Every Monday through the end of April 2018, MYSTERY OF CHARACTER FEATURING SHANNON MUIR focuses on the art and craft of writing, from Shannon’s perspective or that of guest authors.  To catch up on all posts, check out the MYSTERY OF CHARACTER FEATURING SHANNON MUIR portion of the website!

This week welcomes a guest author post from Sue Owens Wright, who offers her advice on writer’s block.

DISCLAIMER: This content has been provided to MYSTERY OF CHARACTER FEATURING SHANNON MUIR by Breakthrough Promotions. No compensation was received. This information required by the Federal Trade Commission.



Sue Owens Wright



My favorite advice from a writing teacher on how to beat writer’s block is, “Place seat of pants in seat of chair.” At some time or other, nearly every writer succumbs to that mind-numbing affliction commonly known as writer’s block. The dread of facing the empty white page can stall you out indefinitely, if you let it.  I’ve felt it on occasion, but that bit of writerly wisdom I quoted has always worked for me.

Some writers have overcome a lot of negativity to pursue a literary career and had to be their own cheerleaders. You’ve probably heard those nattering nabobs and naysayers at some time or other, the unsupportive parent or spouse or perhaps a teacher who was less than encouraging about your prose, though thankfully those are rare. When you sit down to write, you may hear the same old critical voices whispering in your ear, telling you to give up writing and get a real job. Tell them all to shut up! Then lay down some words and show how wrong they are.

Sometimes the hardest thing to do is to take time from our daily busyness to sit down and begin writing. The secret to success at anything in life is to show up. Nothing will ever happen until you do, and there are plenty of distractions to prevent it. Writers can think up all kinds of creative ways to avoid the thing they most want to do. Housework, errands, phone calls, e-mail, texting—the list of diversions is endless. A looming deadline works wonders for me, but it doesn’t have the same effect on every writer. The pressure can turn a momentary mental block into a wall Donald Trump would envy.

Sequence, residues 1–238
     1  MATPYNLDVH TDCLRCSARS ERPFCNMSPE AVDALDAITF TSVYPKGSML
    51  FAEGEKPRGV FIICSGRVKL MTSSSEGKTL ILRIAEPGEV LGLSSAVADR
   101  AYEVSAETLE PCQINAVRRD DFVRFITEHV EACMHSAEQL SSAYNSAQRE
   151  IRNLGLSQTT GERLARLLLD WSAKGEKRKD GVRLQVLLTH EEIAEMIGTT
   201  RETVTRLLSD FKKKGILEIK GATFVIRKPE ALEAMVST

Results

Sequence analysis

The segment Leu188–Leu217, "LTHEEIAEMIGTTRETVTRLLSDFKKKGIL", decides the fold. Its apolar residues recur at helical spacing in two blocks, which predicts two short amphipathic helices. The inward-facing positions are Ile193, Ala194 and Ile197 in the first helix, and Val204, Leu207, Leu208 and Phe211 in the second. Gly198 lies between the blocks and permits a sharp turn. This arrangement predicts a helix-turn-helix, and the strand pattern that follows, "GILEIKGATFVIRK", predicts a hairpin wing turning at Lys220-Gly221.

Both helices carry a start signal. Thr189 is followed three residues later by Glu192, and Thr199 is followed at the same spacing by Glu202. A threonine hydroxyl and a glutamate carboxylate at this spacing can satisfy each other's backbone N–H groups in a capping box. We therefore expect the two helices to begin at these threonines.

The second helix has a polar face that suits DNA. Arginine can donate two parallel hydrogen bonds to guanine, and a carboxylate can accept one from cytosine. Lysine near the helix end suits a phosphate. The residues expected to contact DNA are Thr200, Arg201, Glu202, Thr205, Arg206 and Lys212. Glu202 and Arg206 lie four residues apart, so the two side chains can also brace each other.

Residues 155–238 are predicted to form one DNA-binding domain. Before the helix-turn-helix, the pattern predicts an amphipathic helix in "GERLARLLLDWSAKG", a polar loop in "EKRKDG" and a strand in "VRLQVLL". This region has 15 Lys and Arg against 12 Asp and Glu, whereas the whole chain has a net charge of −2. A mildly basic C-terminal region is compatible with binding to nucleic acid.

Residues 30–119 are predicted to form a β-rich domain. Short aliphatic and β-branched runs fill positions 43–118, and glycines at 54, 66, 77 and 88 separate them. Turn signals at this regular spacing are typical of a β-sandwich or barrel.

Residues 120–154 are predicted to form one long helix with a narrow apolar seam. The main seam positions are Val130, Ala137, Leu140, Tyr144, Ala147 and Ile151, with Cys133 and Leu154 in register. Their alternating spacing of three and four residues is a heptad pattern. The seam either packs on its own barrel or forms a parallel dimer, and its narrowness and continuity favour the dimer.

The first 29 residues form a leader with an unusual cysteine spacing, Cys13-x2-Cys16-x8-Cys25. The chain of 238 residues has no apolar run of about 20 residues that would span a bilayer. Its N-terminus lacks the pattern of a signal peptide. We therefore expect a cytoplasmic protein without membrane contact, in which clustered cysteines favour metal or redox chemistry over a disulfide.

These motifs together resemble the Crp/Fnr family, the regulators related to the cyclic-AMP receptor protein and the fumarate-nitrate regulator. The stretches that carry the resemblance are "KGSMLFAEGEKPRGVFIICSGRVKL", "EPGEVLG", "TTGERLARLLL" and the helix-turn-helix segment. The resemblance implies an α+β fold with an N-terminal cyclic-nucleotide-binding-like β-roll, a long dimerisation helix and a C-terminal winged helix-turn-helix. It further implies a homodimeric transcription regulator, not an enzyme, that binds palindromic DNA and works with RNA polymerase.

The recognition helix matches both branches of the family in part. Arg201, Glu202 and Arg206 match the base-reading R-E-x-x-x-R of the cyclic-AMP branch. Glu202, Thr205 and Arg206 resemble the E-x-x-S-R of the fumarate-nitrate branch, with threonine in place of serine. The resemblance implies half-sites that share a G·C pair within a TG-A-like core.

When all else fails, perhaps a change of scenery is called for. All work and no play makes for dull writers and colorless prose. I’ve traveled to locales that have inspired my novels, but that’s not always possible. I do most of my writing at a favorite hometown café, where I spend several hours writing each afternoon. I always start my writing session with a journal entry, which helps get the creative juices flowing. A writing prompt is sometimes useful. Caffeine and classical music helps, too. I’m a people (and dog) watcher, and occasionally I encounter a ready-made character, though my best canine characters have always been right at my feet. If that café happens to be one at Lake Tahoe, where my mystery series is set, that’s when the words really spill out. My experiences there with my dogs have filled five novels in the Beanie and Cruiser Mystery series thus far.

Most often, you must write right where you are. Wherever that is, you still have to place seat of pants in seat of chair and do it. Install a seat belt, if need be. It’s the only thing that works in the end.


Ears for Murder is Sue Owens Wright’s fifth book in the acclaimed Beanie and Cruiser Mystery Series, which features basset hounds.

Sue Owens Wright is an award-winning author of fiction and nonfiction. She is an eleven-time finalist for the Maxwell, awarded annually by the Dog Writers Association of America (DWAA) to the best writer on the subject of dogs. She has twice won the Maxwell Award and earned special recognition from the Humane Society of the United States for her writing. She writes the acclaimed Beanie and Cruiser Mystery Series, including Howling Bloody Murder, Sirius About Murder, Embarking On Murder and Braced For Murder, which is recommended on the American Kennel Club’s list of Best Dog Books.

Her nonfiction books include What’s Your Dog’s IQ?, 150 Activities for Bored Dogs, and People’s Guide to Pets. She has been published in numerous magazines, including Dog Fancy, Mystery Scene, AKC GAZETTE, Fido Friendly, The Bark, and Animal Fair. Her work also appears in several anthologies, including PEN Oakland’s “Fightin’ Words,” along with Norman Mailer and other literary notables. Her newest novels are The Secret of Bramble Hill and Ears for Murder.



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